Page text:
This article is part of a series from Russia that analyses the socio-political issues surrounding the World Cup. Over the next month, with a combination of perspectives and reporting from the ground, overlooked and underplayed themes in football will be carried to the surface on The Wire.
St. Petersburg, Russia: Until she entered the Krestovsky Stadium in St. Petersburg on Friday, Samira Shirmardi had never been to a football game. She is a sports writer from Tehran but in the 17 years of her profession, she had watched football only on TV. When I ask her how she goes about her work in Iran, Samira says that she had cultivated contacts over time and the players speak to her now.
For those who enter sports journalism, attending a match is central to their practice. If you are not at the game, there is much that you miss out. Television coverage only offers an incomplete picture. Samira, unfortunately, has grown accustomed to that. In Iran, by law, women are not allowed to watch football and wrestling inside the arena.
On Thursday, however, she was in St. Petersburg to cover her first ever football match. A World Cup encounter, no less. Samira is the only female writer from Iran for the tournament in Russia. Team Melli was to open its campaign against Morocco, a key game before tougher assignments against Spain and Portugal.
At the final whistle, the press enclosure where Samira and her male colleagues were sitting erupted in joy. The stadium reverberated with loud cheering as Iran had scored a late goal to win the match. It was Team Melli’s second victory at the World Cup. Twenty years had passed since Iran’s only win in the tournament’s history. That victory was made famous by its loaded political and cultural significance as the vanquished opponent was the US at the 1998 World Cup in France. However, as coach Carlos Quieroz reminded everyone after the match on Friday, the latest success is equally significant.
“Teams do not want to play against us. We don’t have proper camps, pitches or preparation. I think it’s my duty to say this in front of you, let us play football,” he said. “Let us enjoy football like other nations. They just want to express themselves and play football. The [US] sanctions have consequences. The main value of FIFA is to keep politics apart but this is not what is going on. My players showed today that they are as good as any other nation’s footballers.”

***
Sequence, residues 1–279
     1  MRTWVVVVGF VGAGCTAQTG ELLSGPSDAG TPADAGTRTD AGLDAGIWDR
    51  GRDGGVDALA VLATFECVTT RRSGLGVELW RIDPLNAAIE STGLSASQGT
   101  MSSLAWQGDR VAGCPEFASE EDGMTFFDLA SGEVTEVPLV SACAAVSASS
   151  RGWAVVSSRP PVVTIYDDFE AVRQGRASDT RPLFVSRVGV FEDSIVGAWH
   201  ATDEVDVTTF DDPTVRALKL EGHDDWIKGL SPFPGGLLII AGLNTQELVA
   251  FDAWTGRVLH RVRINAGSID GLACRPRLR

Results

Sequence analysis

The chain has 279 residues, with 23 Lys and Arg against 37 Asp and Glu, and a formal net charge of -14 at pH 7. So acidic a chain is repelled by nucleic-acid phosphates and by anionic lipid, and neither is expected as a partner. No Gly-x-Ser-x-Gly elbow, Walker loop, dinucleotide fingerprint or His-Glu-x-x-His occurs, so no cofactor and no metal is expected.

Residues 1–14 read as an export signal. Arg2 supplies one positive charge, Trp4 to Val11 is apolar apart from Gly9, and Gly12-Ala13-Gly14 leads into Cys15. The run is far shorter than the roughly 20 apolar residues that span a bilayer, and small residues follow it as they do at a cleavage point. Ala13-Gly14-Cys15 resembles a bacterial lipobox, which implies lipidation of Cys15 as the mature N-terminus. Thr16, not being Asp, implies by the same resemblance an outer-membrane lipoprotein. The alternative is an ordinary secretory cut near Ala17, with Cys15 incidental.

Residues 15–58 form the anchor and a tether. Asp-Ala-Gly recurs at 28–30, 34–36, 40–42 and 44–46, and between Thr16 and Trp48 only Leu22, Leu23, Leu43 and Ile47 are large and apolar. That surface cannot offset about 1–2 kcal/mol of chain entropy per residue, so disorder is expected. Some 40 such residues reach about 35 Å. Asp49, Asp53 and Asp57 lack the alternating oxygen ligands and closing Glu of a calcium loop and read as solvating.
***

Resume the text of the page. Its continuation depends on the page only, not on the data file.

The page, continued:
Another consequence of the reimposition of sanctions, following the US’s withdrawal from the nuclear deal in May, was Nike’s decision to pull out of a shoe sponsorship deal with the Iranian national team earlier this month. This hurt Iran’s preparations for the World Cup as last-minute replacements had to be found. Quieroz termed the decision “arrogant” when Nike said it was doing so because it was an American company.
Since then, there has been a huge backlash in Iran against the sporting merchandise giant. In St. Petersburg, every Iranian fan I spoke to could barely conceal their disgust for Nike. One middle-aged supporter, Pejman from Washington, Seattle, left nobody guessing about his views.
“They are making everything political. It is a very cheap decision. I used to wear Nike boots but I threw them away. I wear these now,” he said, pointing at his running shoe. When I asked him which brand they were, he responded, “I don’t know but they are not Nike.”
The cancelled sponsorship deal aside, the sanctions have brought hardships for travelling fans as well. Less than a month before arriving in Russia, those who lived in Iran realised that their expenses had risen by 50% as the rial’s value had dipped sharply. While a majority of the fans at the World Cup are relatively well off – from Tehran or based abroad – it still represents a significant challenge for them to follow the Iranian football team wherever they play.